He still visits with his mom, Sassy, but she doesn't tend to him at all.
Saul the Mastiff puppy at five weeks old
Saul the 10-pound Mastiff puppy at five weeks old playing with 12-week-old Havanese puppies. Saul pins them down; part of his instinct at play; he wants to be dominant.
Saul the 18-pound Mastiff puppy at six weeks old playing with 13-week-old Havanese puppies
Saul the singleton English Mastiff puppy at eight weeks old
Saul the singleton English Mastiff puppy at eight weeks old
At nine weeks, Saul is 30 lbs. and ready for his new home.
Saul the singleton Mastiff puppy at 3.5 months old, weighing 60 pounds. He is the YOUNGEST and BIGGEST in his puppy class.
Saul the singleton Mastiff puppy at 3.5 months old, weighing 60 pounds
Saul the singleton Mastiff puppy at five months old, weighing 110 pounds, at the beach
Saul the singleton Mastiff puppy at nine months old
Saul the singleton Mastiff puppy at nine months old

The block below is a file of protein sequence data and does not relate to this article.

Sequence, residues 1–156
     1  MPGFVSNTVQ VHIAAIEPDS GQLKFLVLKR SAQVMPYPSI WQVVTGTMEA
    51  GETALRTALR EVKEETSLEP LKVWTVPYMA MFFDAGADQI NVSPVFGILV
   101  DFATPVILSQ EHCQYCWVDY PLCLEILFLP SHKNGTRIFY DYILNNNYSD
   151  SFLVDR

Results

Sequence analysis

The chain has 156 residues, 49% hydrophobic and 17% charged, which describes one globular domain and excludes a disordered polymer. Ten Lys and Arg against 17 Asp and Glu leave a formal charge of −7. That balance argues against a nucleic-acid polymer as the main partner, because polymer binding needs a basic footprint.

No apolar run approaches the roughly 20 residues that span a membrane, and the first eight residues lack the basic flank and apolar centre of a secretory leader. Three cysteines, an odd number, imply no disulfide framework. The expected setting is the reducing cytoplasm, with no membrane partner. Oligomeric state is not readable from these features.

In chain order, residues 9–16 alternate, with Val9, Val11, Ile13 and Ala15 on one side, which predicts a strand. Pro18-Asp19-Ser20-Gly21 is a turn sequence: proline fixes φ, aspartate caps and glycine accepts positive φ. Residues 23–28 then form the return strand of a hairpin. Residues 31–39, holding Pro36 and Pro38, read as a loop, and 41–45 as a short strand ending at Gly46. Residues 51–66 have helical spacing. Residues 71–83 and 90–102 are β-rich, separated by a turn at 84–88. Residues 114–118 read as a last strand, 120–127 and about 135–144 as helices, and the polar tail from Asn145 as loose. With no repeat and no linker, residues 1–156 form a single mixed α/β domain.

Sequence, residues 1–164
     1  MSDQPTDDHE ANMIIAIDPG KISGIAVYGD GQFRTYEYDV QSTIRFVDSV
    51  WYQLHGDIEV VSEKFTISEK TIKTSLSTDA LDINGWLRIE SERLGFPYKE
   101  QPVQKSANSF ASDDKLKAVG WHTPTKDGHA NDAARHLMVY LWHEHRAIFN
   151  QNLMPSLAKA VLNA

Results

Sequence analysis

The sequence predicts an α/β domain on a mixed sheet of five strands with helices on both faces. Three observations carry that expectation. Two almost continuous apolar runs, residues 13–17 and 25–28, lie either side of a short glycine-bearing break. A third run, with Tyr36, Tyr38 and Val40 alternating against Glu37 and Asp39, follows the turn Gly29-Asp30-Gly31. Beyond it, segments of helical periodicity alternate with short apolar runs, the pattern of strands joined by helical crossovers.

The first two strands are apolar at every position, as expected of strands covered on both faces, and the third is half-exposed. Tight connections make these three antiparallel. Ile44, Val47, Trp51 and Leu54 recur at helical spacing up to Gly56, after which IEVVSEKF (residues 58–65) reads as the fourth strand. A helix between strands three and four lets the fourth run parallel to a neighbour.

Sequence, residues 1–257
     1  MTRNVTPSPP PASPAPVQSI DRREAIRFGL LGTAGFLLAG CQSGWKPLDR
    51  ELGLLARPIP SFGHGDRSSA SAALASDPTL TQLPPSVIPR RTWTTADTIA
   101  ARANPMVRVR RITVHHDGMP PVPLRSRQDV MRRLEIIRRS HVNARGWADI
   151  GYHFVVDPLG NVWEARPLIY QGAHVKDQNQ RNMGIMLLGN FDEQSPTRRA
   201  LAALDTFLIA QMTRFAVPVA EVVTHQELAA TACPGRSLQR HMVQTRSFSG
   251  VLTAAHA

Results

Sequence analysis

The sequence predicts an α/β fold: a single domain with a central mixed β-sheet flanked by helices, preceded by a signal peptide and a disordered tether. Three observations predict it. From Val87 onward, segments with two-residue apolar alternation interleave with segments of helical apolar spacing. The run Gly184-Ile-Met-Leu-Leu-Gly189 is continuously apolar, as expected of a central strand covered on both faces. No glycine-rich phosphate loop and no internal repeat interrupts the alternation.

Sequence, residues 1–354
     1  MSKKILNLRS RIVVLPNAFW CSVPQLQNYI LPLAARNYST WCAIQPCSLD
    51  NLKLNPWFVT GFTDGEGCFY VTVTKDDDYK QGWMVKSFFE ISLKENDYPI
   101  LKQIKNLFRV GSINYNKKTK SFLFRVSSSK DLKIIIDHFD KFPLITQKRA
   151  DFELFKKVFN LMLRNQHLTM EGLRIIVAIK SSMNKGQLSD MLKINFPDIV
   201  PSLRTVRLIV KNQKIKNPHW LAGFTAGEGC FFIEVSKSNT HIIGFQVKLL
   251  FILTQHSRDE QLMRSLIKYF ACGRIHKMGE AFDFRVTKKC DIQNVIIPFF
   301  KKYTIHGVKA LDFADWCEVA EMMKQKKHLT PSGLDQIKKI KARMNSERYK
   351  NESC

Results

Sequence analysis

Saul the singleton Mastiff inside a smart car
Courtesy of MistyTrails Mastiffs
Although this section is based on a whelping of an English Mastiff, it also contains good general whelping information on large-breed dogs. You can find more whelping information in the links above. The links below tell the story of Sassy, an English Mastiff. Sassy has a wonderful temperament. She loves humans and adores children. An all-around mild mannered, wonderful Mastiff, Sassy, however, is not the best mother toward her puppies. She is not rejecting them; she will nurse them when a human places them on her to feed, however she will not clean the pups or pay any attention to them. It is as if they are not her puppies. This litter is getting mom’s milk with major human interaction, manually giving each and every pup what they need. In return, the pups will be super socialized and will make remarkable pets, however the work involved is astounding. It takes one dedicated breeder to keep this situation healthy. Thankfully this litter has just that. Read the links below to get the full story. The pages within include a wealth of information that everyone can appreciate and benefit from.